Barclays will pay 70 million dollars (£49m) to settle a case brought by United States authorities over allegations the bank “misled” users of its “dark pool” trading system. In the case of Barclays, it is believed a larger proportion of its settlement will go to the New York Attorney General, Eric Schneiderman.
“These cases mark the first major victory in the fight against fraud in dark-pool trading that began when we first…”
Credit Suisse will pay a $US60 million fine split between the regulators, plus an additional $US24.3 million in disgorgement to the SEC for executing 117 million illegal sub-penny orders out of its dark pool known as “Crossfinder”.
Independent Monitor Barclays agreed to settle the charges by admitting that it misled investors and violated securities laws, according to the SEC statement.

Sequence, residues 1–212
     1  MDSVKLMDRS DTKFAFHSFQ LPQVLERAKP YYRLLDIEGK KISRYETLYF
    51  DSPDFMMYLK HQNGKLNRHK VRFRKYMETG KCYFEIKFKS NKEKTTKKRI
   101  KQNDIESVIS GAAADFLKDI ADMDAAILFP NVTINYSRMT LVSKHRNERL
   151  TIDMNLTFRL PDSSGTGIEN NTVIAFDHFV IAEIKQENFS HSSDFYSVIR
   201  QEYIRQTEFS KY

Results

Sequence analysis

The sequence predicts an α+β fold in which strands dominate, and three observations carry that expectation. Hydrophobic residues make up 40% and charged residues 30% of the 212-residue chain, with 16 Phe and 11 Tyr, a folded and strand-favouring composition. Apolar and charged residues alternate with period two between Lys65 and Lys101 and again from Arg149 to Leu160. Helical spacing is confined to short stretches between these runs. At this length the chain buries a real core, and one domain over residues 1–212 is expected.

The record settlements are with the U.S. Securities and Exchange Commission and the NY attorney general. The New York Attorney Generals office said its investigation found that Credit Suisse misrepresented the protections offered to clients on its dark pools. The bank also failed to warn investors of a separate programme that alerted high-frequency traders to activities taking place in its dark pool.
Named after their lack of transparency, dark pools are private trading exchanges where orders made are not visible to others until after they have been executed.
Dark pools sprung up in the 1980s to give market participants the ability to trade big blocks of stock without tipping off other traders.
For example, a system that Credit Suisse said would “kick out” opportunistic activity was not even in use in the dark pool’s first year, the SEC said in its filing. Half of the amount Barclays is paying will go the SEC and half to the NY attorney general.
He added that “co-ordinated and aggressive government action” had led to “admissions of wrongdoing, and meaningful reforms to protect investors from predatory, high-frequency traders”.
The lawsuit said Barclays deceived investors about its dark pool, an electronic operation where trades take place out of public view. The SEC opened a parallel investigation.